Back to Flickr

Now that a big group of people I know have been energized by the resurgence of Flickr I am noticing something. Flickr was built well before the rise if the more “modern” social sites and lacks at least a few of the features that we’ve all come to expect. The one most glaring omission is the lack of a “like” button. Flickr asks us to not like a photo, but instead mark it as a favorite. I never really used that much, reserving it for truly favorite photos. It seemed like that was the case for a lot people. Now that we’ve bounced back to Flickr I am getting “favs” all the time. It seems to me that the feature sets of Instagram and Facebook has altered the way we use an older platform. It has made Flickr much more social and I like that.


7 thoughts on “Back to Flickr

  1. I have used the “favorites” feature to gather images from around Flickr I want to use later, for example, in a presentation. It is a nice curation tool. I think of that differently than I do a “like” on FB, which is really low stakes because all my likes are not gathered together in a searchable set or list. (The +1 button on G+ is interesting in this regard: when you +1 a post when you are out on the web, G+ populates your +1 tab in your profile, but if you +1 from inside G+, it acts more like FB, without adding it to that list. I wish it would be consistent.)

    Another glaring omission from the Flickr site itself, which I think too is in need of a serious update, is that you can’t easily share our to FB, Twitter, Instagram, etc. I would like them to add that feature to the site. (The new app does a great job with this as it allows you to share things out to different twitter accounts very easily.)

    As I consider embarking on another picture a day project for 2013, for my 2011 project visit Flickr, I plan to use the Flickr app to curate the photos, so we’ll see how that goes.

    Thanks, as usual, for helping think through the ever changing social web.

  2. Hi, Chris! Yes, I have also used the Favorite feature to find and manage photos that I want to use in a presentation or project. There are so many killer features of flickr that get lost in the newer apps — the ability to search for various flavors of creative commons is a major win. I do wonder if they will work to integrate some newer features into the existing service or if we will evolve the current ones — if you remember the very early days of twitter, users started many of the ideas that made twitter what it is today. Things like the @ and # were things we as users did that they adopted. It will be interesting to see if flickr forces us to adjust the meaning we have for their service or if they will adopt new features.

    As far as sharing, on my individual photo pages on flickr I can share to any and all my services … as a matter of fact, I often blog a photo from flickr directly to this site without using wordpress at all — I just share it from flickr. Do you have sharing buttons like the ones seen here …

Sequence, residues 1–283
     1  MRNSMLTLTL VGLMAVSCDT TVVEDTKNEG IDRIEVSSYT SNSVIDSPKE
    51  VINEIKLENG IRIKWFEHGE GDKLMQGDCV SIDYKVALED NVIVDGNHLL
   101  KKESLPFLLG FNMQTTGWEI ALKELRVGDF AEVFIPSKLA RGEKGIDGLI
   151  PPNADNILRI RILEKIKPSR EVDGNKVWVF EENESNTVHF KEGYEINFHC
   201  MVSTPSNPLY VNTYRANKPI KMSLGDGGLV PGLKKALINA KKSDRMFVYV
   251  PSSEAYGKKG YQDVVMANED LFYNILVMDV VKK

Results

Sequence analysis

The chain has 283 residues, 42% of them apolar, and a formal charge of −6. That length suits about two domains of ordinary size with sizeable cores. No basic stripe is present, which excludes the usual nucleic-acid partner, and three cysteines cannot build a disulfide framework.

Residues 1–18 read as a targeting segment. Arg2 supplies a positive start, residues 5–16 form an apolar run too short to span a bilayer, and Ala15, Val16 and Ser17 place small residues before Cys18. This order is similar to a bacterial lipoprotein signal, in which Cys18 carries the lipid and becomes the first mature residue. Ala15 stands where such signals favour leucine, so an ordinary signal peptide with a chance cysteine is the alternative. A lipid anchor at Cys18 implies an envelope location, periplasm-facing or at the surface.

Sharing from Flickr

    • Ah yes, I have those, although I have usually used them to share directly to my blog. I don’t know why I didn’t think to just share to FB and Twitter that way. (That is an example of getting too set in old ways to notice other important things!)

  3. To repeat, “Likes are cheap” – yes they are easy to do, but frankly, all that FB and InstaSham liking to me never amount to much in value.

    Here is how you “Like” something in flickr.

    You write a comment and say “I like your photo”

    Then you expand and actually say something constructive and useful.

    Flip it around. I’d rather tale 5 comments that have some thought behind them than 500 effortless likes.

    Please at all costs do not Facebookize Flickr.

  4. Having an easy way to say, “hey I looked at your picture and it was nice” isn’t facebookizing flickr. All it does is give people an easy way to acknowledge a posting. I don’t always want to leave a full comment — and sometimes I am on my mobile and just want to let someone know I liked what they posted. In the example (from the screenshot above) you can see I added the photo as a favorite and left a comment. My real question relates to more of how people will push the current feature set of flickr to bend to meet existing expectations — will the favorite be the flickr like?

  5. Agree to disagree. If its easy to register a reaction to a photo, to me it still does not say nearly as much as a comment.

    The idea that flickr should “bend to meet existing expectations” is suspect to me- why should it?

    Did not Apple become what it is by asserting via design what features we got rather than “existing expectations”? That is not innovating, it is following.

    But I can see favorites being the same thing. The level of effort and process is the same. It just is a different name.

    What if I expressed myself here by “don’t like?” I think the “Like” culture is frankly a bit lazy and I refuse to pander to it.

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